On the outside, a directory service appears similar to a large database. The directory supports a large amount of data, and the data are organized by node and value. The directory service will catalog different information, depending on its focus. For example, a network directory service will catalog all the resources on a computer, while a domain name system (DNS) directory catalogs websites. The differences between a directory and a database are that a directory can include redundant information, and directories are read more than written, so many write commands are omitted.
A directory service seems just like a database. It holds similar data and organizes every piece of datum into a node and value format, much like some hierarchical and relational database models. The node in a directory is the primary piece of information, while the value is a string of data attached to the node. If the directory were for a phone book, the node would be a name, while the value would be a phone number corresponding to the name.
Directories can be built for many purposes. A network directory details all of the software and hardware in a computer but rarely requires that the user know about the directory or how to access the hardware or software. A DNS directory takes website domain names and makes a number-based domain for the website, which also is rarely seen by the user. Directory technology is versatile, but the directory should only be built for one purpose or the information may clash.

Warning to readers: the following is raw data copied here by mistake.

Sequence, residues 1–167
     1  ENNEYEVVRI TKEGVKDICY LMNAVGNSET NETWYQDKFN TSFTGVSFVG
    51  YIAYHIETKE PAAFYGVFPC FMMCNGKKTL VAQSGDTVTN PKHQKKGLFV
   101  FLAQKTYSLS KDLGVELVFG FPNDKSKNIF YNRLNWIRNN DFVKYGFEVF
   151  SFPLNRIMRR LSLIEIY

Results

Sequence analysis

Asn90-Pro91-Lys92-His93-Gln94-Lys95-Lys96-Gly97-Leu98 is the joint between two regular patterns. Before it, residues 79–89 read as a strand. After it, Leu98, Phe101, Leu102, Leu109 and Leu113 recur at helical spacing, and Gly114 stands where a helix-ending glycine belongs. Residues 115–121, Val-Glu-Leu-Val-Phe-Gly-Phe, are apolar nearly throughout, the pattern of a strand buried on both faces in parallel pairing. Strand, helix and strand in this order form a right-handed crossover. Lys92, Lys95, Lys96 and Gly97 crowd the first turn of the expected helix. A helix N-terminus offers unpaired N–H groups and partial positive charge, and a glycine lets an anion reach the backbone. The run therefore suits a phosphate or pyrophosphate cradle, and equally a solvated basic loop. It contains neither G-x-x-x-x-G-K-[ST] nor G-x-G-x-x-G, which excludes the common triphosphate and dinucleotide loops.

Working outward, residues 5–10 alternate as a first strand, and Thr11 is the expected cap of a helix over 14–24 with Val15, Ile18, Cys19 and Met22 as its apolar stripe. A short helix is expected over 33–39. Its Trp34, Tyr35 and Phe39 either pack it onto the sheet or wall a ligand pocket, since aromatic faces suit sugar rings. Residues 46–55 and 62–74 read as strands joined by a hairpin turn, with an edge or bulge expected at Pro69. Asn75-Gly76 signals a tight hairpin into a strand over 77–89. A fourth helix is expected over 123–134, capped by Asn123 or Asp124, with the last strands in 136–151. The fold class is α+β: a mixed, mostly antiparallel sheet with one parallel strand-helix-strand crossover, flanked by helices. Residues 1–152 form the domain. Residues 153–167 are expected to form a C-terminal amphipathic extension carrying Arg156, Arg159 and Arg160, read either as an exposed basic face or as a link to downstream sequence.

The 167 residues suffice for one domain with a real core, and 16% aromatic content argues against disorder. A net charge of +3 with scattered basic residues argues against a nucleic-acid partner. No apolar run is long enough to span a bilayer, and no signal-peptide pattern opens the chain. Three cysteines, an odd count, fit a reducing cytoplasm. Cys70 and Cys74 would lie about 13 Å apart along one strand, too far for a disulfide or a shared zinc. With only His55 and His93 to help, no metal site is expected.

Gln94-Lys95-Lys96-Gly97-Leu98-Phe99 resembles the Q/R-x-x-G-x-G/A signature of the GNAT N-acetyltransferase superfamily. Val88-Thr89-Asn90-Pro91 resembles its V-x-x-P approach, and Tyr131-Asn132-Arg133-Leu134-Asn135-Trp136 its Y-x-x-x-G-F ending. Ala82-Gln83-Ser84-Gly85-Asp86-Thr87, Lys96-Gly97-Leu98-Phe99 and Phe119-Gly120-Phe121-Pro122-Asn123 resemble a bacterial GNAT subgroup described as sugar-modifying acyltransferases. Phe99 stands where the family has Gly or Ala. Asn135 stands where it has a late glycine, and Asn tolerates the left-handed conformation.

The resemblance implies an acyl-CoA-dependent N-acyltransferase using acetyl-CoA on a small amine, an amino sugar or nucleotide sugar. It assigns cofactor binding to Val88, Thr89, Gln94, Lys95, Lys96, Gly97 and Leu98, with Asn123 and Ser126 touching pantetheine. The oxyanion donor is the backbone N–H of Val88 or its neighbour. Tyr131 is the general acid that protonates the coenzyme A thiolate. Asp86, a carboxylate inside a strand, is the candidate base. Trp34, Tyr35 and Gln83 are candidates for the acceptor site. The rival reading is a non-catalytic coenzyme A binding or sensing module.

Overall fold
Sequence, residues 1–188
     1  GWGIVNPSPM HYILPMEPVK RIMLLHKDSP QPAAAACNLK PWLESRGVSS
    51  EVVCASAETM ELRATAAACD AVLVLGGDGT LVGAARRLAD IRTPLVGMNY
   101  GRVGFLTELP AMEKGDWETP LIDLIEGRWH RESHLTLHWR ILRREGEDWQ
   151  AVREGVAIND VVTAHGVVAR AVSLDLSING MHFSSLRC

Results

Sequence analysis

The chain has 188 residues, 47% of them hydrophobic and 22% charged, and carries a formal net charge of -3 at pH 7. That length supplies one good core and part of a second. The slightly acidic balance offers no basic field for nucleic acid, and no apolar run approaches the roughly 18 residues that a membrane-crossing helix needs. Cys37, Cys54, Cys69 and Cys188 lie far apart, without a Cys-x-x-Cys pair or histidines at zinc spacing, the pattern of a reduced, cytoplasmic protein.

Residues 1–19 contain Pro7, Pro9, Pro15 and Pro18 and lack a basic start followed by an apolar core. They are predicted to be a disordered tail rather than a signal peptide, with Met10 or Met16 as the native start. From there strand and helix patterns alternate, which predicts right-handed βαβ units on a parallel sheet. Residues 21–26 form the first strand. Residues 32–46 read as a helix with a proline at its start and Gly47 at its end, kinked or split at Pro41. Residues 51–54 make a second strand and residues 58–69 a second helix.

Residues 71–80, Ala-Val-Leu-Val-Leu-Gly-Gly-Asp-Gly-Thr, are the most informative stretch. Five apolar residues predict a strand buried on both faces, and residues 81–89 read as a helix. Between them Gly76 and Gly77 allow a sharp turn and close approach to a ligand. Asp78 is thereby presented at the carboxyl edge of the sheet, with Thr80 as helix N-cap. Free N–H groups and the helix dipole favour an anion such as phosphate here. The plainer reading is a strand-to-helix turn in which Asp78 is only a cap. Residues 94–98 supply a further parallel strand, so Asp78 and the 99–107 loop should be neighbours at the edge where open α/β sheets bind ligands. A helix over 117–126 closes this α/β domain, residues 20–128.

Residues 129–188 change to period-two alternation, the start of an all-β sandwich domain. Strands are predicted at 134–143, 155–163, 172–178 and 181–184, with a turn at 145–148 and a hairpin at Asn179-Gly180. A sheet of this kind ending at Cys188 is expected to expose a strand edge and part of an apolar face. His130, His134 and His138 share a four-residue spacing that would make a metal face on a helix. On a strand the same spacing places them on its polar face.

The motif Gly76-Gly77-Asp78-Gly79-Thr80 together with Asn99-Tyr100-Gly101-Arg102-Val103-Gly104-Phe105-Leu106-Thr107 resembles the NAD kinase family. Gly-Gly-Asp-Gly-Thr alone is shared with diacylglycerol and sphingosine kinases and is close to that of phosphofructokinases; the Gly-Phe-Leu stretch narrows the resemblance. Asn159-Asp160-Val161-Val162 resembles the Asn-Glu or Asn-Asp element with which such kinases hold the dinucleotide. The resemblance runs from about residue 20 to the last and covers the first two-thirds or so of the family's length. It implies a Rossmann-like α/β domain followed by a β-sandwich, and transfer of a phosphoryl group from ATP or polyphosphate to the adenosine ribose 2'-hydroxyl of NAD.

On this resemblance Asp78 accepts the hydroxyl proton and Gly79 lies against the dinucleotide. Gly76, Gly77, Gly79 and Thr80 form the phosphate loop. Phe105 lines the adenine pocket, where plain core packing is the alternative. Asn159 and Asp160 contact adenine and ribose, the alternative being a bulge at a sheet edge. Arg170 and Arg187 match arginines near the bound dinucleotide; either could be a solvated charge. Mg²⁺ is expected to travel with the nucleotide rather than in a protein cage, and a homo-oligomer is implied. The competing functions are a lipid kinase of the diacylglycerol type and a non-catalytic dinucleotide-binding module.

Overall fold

While similar to database models, a directory service has some large differences. In a database, if redundant or repeating information is stored in the tables, it can cause the database to accidentally link truly unrelated data or create programming problems. In a directory, information can be redundant. For example, a phone book directory can include several names that are identical, but the directory will be able to differentiate them based on differing phone numbers.
A directory service can be read and written to, but more often it is only read. This results in many of the write commands found in database technology not being included in directories. Rollback and transaction features are limited, because the directory simply does not need them.
Every directory service must include a blueprint. This blueprint is a set of rules programmed into the directory that tells the directory what information is important, what should be collected, and what information to disregard. Without a blueprint, a directory would attempt to absorb all the information, which would cause it to overload.